government: presidential republic
state of civil and political rights: Not free
constitution: 12 July 1991
legal system: a combination of Islamic law and French civil law
legislative system: bicameral legislature consists of the Senate (Majlis al-Shuyukh) and National Assembly (Majlis al-Watani)
judicial system: three-tier system: lower, appeals, and Supreme Court
religion: Muslim 100%
death row: 77 (Amnesty International, as of end 2016)
year of last executions: 0-0-1987
death sentences: 0
international treaties on human rights and the death penalty:
International Covenant on Civil and Political Rights
Convention on the Rights of the Child
European Convention for the Prevention of Torture and Inhuman or Degrading Treatment or Punishment
African Charter on Human and Peoples' Rights
High treason, premeditated murder, torture and acts of terrorism are capital crimes in Mauritania, although the last executions took place in 1987, when three armed forces officers sentenced to death by the State Security Chamber for plotting to overthrow the regime were put to death.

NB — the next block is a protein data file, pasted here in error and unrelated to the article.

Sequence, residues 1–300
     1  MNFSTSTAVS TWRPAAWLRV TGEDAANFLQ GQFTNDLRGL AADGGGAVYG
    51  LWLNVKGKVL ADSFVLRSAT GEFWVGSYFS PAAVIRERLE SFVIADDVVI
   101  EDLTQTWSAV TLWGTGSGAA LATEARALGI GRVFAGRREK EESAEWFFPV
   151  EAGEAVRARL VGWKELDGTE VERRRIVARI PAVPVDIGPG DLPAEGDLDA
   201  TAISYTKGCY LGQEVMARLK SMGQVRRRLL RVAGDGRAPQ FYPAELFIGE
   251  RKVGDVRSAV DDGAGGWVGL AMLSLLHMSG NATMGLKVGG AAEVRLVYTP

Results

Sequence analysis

With the introduction of Islamic law in 1980, the scope of the death penalty has been widened to include apostasy, homosexuality and rape. However, the enforcement of strict punishments – such as floggings – has been rare since the 1980s.
In 2016, no execution neither death sentence has been recorded. Sevetyseven people, including 11 foreign nationals, were under sentence of death at the end of the year, according to Amnesty International.
On 3 November 2015, in its response to the recommendations received under the Universal Periodic Review of the UN Human Rights Council, Mauritania rejected those to establish a moratorium on the use of the death penalty, abolish the death penalty and ratify the Second Optional Protocol to the ICCPR.
On 19 December 2016, Mauritania abstained on the Resolution on a Moratorium on the Use of the Death Penalty at the UN General Assembly.